SitNews - Stories in the News - Ketchikan, Alaska


Foster Care in Alaska
By Matt Jackson


May 09, 2009

Today, I learned what really makes the "youth treatment system" go 'round in Alaska. It's not love, it is not about the kids, and no one cares about us. It is the money. I won't go into the many grievances Residential Youth Care and foster care have committed against me. Rather, today I will only talk about the numbers.

For the month of May, my foster parents will receive $3,900 in state money to care for one child. Me. I was never told this, I never knew, I only found out because they left their budget out on the computer desk. I never would have guessed. Admittedly, I eat and sleep in their house, but is that amount of money justified? When asking friends and teachers at school how much they thought foster parents received to care for one child for one month, the highest guess was 2,000, most were closer to 1,000. But even given generous estimates including food, utilities, gas and allowance ($15 a week), there is no way I cost them more than $1500 monthly. Where does the other $2400 go? I sure don't know.

Yesterday I bought a mother's day card for my real mother, $3. Last week I paid $150 in court fees for my emancipation case. Later today I will pay the enrollment fee to a prestigious college on the East Coast to the tune of $500. All $653 is coming out of my pocket. In about an hour I will be broke. Where did that extra $2400 for foster children go? I wish I knew.

When I asked Jack Duckworth, director of Residential Youth Care and the foster program, if he knew, he had an interesting point of view. "I'm not even putting this on the table. The state pays me to do them a service. I make shitloads of money." Mr. Duckworth, does indeed make lots of money, more than 1 million from Medicare and Medicaid alone. That doesn't include the money he makes of his four foster children. I've learned that he receives as much money for them as my foster parent's receive for me, about $130 per day. With four foster children that calculates out to $15,600 a month or $187,200 annually. I wish my mother, parent to four children, received half as much. Doesn't everyone wish they could get $3900 a month for having a kid?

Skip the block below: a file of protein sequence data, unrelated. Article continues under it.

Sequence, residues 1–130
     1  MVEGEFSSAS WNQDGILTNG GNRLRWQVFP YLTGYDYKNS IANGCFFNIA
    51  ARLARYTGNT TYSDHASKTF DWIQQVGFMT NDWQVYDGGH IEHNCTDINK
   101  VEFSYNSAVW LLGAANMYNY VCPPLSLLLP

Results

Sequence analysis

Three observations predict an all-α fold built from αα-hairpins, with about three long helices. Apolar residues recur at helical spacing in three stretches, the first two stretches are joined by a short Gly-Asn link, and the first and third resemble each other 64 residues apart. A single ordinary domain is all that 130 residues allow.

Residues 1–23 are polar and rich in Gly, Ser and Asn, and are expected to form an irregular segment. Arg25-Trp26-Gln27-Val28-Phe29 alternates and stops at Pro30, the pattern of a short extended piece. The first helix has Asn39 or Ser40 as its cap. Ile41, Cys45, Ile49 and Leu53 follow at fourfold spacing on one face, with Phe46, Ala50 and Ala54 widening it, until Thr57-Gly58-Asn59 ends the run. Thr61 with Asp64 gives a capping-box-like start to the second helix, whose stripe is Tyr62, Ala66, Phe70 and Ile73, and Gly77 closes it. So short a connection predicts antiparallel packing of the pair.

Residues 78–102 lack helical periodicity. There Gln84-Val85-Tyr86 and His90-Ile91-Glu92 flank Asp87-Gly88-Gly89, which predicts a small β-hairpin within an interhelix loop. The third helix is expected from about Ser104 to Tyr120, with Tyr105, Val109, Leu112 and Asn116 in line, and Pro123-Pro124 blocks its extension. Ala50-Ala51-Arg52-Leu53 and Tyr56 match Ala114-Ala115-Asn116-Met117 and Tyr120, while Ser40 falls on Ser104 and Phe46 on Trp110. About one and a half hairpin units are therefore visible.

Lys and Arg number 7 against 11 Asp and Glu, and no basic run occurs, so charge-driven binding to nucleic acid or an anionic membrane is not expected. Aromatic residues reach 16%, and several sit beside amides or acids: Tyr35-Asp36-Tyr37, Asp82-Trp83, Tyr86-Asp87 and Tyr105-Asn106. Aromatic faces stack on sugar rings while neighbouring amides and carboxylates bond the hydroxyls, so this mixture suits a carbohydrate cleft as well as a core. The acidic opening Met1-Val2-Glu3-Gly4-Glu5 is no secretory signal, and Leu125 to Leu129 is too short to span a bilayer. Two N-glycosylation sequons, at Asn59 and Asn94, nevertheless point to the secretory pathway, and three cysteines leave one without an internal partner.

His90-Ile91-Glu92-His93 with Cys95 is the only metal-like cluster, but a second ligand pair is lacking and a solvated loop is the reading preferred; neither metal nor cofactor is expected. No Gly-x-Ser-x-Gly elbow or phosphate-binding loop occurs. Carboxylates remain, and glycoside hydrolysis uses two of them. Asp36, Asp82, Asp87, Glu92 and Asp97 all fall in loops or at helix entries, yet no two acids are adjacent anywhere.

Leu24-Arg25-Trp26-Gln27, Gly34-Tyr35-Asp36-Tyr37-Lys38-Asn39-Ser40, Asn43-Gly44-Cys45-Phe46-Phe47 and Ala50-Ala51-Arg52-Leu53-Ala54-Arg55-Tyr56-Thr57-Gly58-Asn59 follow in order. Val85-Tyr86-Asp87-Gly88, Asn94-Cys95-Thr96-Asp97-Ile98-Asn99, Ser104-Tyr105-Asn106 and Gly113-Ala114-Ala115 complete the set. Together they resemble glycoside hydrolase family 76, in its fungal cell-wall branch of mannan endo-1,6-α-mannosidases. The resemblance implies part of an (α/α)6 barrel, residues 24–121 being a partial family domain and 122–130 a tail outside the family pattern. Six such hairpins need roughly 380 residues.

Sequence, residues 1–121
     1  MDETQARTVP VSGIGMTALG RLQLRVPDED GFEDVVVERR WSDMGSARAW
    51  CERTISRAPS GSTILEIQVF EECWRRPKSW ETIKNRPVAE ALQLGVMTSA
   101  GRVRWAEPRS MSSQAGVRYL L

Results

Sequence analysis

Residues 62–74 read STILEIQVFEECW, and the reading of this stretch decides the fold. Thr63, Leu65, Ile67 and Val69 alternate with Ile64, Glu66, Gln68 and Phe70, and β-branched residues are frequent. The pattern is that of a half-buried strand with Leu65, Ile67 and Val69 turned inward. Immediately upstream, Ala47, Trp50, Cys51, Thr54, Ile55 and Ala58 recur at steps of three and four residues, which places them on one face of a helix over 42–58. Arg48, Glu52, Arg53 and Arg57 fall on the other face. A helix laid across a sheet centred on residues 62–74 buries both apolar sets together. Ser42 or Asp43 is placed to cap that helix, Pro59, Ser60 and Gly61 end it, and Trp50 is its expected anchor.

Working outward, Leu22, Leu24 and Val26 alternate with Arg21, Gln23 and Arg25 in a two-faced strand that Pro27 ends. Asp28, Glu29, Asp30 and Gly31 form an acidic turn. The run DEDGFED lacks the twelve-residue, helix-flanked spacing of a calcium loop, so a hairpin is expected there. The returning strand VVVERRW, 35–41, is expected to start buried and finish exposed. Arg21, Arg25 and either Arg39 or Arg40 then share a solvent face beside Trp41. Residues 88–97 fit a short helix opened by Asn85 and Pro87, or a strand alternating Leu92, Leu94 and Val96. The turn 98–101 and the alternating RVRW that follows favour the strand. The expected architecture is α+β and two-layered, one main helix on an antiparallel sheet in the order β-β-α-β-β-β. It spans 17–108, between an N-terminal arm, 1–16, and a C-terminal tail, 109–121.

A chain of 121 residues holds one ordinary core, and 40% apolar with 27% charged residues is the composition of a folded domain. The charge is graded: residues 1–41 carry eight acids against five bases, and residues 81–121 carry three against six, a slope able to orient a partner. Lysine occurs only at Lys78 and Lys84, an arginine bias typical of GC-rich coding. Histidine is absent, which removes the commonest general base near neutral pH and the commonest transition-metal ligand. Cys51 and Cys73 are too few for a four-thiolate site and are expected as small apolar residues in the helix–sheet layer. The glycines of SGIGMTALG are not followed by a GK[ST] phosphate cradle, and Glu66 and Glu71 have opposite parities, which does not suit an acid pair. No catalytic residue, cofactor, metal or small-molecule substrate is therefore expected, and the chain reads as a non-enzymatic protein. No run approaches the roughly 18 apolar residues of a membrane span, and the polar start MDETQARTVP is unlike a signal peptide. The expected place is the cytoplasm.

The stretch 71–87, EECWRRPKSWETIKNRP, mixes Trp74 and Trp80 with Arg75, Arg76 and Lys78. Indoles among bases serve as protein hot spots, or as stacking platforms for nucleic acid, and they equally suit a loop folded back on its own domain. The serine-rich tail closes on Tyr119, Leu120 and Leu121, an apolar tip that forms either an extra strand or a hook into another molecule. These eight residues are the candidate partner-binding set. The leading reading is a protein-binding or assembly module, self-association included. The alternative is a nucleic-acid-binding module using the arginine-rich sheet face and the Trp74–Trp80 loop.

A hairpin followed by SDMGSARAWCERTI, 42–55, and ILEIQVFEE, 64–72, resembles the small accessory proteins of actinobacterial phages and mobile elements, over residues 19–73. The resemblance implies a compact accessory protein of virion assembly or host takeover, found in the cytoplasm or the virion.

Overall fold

Over the last 5 months I've been in treatment, (for one minor consuming alcohol) Mr. Duckworth, went a long way to convince me that it really was about the kids. However, yesterday he revealed what it is really all about. Mr. Duckworth, still remembers that he does a service to the State of Alaska. Unfortunately, he has forgotten that the State of Alaska is supposed to provide services to the People of Alaska. He is not supposed to be doing a service to the state, or to his budget. He is supposed to be doing a service to the children of Alaska.

But in a system which provides an extravagant amount of money for the control of children, there is only one eventual outcome. People, who care only about money, not kids, are being drawn into the system. I witness and experience it every day.

Matt Jackson
Ketchikan, AK

Received May 07, 2008 - Published May 09, 2009


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Ketchikan, Alaska